Life gives us unexpected opportunities and new passions.
I must admit, I didn’t expect to spend most of my career working with cancer patients. My training and first jobs involved working with children, a path I might still be following, except for a merger with our Children’s Hospital that took over all our pediatric patients in 1990. I had my first midlife crisis at 37, looking for another population where the science was challenging, nutrition was valued, and patients were willing to make changes. I chose oncology.
We were opening a Bone Marrow Transplant Unit at the University, and overnight I moved from being an expert outpatient pediatric dietitian to a “student” inpatient, intensive care adult team member. I HATED the change, but learned something invaluable. I could learn, and even love, something new.
In 2001, there weren’t any cancer centers in the Denver area that funded nutrition support for patients in the outpatient setting, although this is where 90% of patients are treated. While continuing to work with the oncology patients on the University’s inpatient floors, I began Nutrition Foundations as part-time private practice, believing that patients should have that support throughout their treatment. A year into this second mid-life crisis, after a lot of lobbying, I began working 20 hours a week in the new University of Colorado Cancer Center at Fitzsimons. Since 2002, our oncology nutrition staff has grown to 3.7 FTE’s, and several other centers have added nutrition support as well.
I feel strongly that every patient should have access to a dietitian at their own cancer center, or at least on referral to someone in private practice. I encourage you to search out the information and nutrition support you need, and to let your team know that it is helpful and should be part of their plans for the future. You deserve to learn the strategies that manage your symptoms during treatment and the nutrition and lifestyle choices that can help you survive and thrive.
Colleen Gill, MS RDN CSO (The official, if boring biography)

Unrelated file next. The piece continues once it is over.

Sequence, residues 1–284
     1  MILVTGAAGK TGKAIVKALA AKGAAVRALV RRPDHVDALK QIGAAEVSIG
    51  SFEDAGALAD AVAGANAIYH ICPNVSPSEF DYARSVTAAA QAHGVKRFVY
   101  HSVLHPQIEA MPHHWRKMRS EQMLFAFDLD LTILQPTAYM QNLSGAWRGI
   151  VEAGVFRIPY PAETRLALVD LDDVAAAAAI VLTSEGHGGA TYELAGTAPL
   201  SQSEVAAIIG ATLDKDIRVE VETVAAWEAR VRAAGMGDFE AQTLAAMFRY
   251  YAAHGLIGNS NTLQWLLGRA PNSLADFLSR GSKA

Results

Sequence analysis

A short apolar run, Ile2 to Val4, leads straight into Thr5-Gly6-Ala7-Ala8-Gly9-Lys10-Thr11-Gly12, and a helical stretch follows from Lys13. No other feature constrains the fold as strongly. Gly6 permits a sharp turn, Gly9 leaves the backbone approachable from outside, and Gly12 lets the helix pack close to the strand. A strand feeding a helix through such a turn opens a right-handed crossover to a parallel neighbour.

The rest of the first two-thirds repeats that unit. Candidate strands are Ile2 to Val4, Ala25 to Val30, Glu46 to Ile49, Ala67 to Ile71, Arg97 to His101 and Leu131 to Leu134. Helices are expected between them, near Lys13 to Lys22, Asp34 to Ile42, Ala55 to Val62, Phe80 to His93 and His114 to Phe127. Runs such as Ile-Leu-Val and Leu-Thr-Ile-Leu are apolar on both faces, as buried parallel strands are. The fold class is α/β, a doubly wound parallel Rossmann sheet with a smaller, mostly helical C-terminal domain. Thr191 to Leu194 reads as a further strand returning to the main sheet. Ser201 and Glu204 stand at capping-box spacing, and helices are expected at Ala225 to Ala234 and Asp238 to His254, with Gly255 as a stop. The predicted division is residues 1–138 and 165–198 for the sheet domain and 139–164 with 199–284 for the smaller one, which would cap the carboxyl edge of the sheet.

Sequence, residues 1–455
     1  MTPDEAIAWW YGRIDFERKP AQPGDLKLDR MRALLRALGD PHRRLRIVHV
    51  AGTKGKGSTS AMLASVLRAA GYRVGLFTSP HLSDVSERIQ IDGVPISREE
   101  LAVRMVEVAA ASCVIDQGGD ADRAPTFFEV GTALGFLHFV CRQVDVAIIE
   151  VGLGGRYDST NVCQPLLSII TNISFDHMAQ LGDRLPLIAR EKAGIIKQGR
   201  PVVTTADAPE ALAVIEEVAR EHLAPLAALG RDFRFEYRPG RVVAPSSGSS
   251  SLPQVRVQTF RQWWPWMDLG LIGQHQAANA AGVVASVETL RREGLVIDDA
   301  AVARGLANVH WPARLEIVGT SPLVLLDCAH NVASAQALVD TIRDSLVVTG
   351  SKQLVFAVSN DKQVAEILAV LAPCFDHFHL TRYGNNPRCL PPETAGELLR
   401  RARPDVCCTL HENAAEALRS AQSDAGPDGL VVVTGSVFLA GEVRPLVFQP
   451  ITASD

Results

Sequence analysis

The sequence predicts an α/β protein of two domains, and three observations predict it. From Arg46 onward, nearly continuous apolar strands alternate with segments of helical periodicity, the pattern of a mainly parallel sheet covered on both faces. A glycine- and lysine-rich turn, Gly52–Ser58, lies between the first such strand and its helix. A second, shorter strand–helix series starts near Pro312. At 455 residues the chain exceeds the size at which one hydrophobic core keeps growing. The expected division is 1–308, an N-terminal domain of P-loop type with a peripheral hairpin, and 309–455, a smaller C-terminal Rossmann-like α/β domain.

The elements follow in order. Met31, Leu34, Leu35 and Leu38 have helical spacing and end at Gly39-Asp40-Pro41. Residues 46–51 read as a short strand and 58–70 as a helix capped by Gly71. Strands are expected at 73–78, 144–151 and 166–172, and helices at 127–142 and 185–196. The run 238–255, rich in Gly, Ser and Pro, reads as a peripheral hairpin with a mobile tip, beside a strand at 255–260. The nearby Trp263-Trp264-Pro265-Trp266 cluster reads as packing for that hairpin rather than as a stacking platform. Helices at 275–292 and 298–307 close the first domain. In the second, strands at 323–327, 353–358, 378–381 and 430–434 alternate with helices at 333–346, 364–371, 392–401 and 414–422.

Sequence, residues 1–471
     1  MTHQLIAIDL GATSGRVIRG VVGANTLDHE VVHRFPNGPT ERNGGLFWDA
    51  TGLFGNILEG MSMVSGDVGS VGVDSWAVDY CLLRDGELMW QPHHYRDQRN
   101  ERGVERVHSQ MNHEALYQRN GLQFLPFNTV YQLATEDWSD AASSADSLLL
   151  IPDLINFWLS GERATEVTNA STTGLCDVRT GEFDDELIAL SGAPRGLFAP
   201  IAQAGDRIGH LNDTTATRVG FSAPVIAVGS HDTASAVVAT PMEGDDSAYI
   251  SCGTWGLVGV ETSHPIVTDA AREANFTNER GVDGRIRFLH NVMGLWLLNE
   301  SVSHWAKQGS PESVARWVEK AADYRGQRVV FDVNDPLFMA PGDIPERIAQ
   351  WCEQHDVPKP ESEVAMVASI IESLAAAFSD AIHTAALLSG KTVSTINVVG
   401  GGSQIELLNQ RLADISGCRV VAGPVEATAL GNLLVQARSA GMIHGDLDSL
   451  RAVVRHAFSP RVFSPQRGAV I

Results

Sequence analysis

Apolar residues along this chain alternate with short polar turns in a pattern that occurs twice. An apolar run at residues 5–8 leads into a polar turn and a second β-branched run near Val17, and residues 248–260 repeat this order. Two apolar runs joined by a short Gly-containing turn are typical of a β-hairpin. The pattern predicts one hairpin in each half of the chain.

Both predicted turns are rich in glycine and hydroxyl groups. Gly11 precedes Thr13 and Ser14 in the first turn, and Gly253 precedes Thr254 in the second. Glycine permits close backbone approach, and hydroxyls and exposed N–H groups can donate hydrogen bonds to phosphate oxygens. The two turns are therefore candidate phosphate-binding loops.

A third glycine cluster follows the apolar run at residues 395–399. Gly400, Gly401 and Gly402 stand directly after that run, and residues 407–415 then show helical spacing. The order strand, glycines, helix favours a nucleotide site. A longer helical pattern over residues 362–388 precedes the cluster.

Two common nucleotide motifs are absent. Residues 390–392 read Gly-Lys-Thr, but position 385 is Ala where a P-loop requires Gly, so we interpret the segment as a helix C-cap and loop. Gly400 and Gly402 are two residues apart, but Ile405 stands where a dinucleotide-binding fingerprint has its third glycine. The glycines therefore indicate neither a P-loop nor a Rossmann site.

Colleen Gill is a registered dietitian nutritionist, speaker and author with 25 years experience working at the University of Colorado Hospital. Her 12 years of inpatient experience included work with pediatric, renal, bone marrow transplant and cancer patients. Since 2002, she has combined work at the NCI accredited University of Colorado Cancer Center with her private practice. She has been a board member of the Oncology Nutrition Practice Group, worked on the original exam writing group that developed the certification for a Board Certified Specialist in Oncology (CSO), and now serves on the Board of Trustees for the Association of Community Cancer Centers. Colleen attends conferences across the country each year to stay current with the latest nutritional research and therapies for cancer.
Colleen was born to a military family and as a child lived in Germany, Boston, Anchorage, Portland and Pendleton (OR), and northern California. After stops at the University of Washington and Stanford, her husband took a job at the University of Colorado School of Medicine and they relocated to Denver, CO. Loving the novelty of stability, they have lived on the same block for 31 years. The Gills are empty-nesters, fortunate to have 4 preschool grandchildren who live within 5 miles.
Training and Credentials
- Bachelor’s degree in Biology
Whitman College; Walla Walla, WA
- Master’s degree in Nutritional Sciences;
University of Washington; Seattle, WA
- Registered Dietitian Nutritionist (RDN);
Academy of Nutrition and Dietetics # 687331
- Board Certified Specialist in Oncology (CSO)
Colleen is a member of Academy of Nutrition and Dietetics and these specialty practice groups:
- Oncology Nutrition
- Dietitians in Integrative and Functional Medicine
- SCAN, Sports Nutrition and Cardiology
- Nutrition Support
- Board of Trustees, Association of Community Cancer Centers, 2013 – Current
- Affiliate Member, Oncology Nursing Society
- Oncology Nutrition Practice Group, Board Member: 2005-7; Executive Board 2010 – 12
- Member, Oncology Certification Work Group, ADA, 2007 – 2009
SPEAKER (Selected Topics/Events)
- Defining Optimal RD Staffing in NCI Cancer Centers; Oncology Nutrition Symposium, Orlando, 2014
- Integrating Nutrition for Metabolic Syndrome, Rocky Mountain Metabolic Syndrome Conference, 2014
- Lecture series, Mountain Blue Cancer Center; Lakewood CO; 2013 to current
- Fighting Pancreatic Cancer with a Fork, PAN CAN conference, San Francisco, 2012
- Addressing Oncology Nutrition Controversies; 2012 New Frontiers in Oncology Nutrition, Dallas
- Demystifying Detoxification; 2012 Texas Dietetics Association Meeting, San Antonio
- Fighting Breast Cancer with a Fork; 2011 Breast Cancer Conference, Fairbanks AK and NE Dietetics, Lincoln
- Managing Malabsorption-Related Diarrhea; CSPEN meeting, Denver, 2011
- Fighting Fatigue with a Fork; 2010 meeting Federal Drug Administration, Denver
- Does Sugar Feed the Tumor?; 2006 NW LA ONS Meeting; 2005 Colorado Cancer Conference
- Monthly Lecture Series; 2004 – current; University of Colorado Cancer Center
- GI Oncology Medical Nutrition Therapy, in Oncology Nutrition for Clinical Practice, AND, 2013
- Nutritional Support, in Oncology Nursing Secrets, R. Fink, R. Gates, (Eds). Hanley and Belfus, 1997 and 2001 editions; Mosby, 2008: American Journal of Nursing “2008 Book of the Year”.
- Immunonutrition, specialized nutrients in cancer care. Nutrition Issues in Cancer, ONS, 2005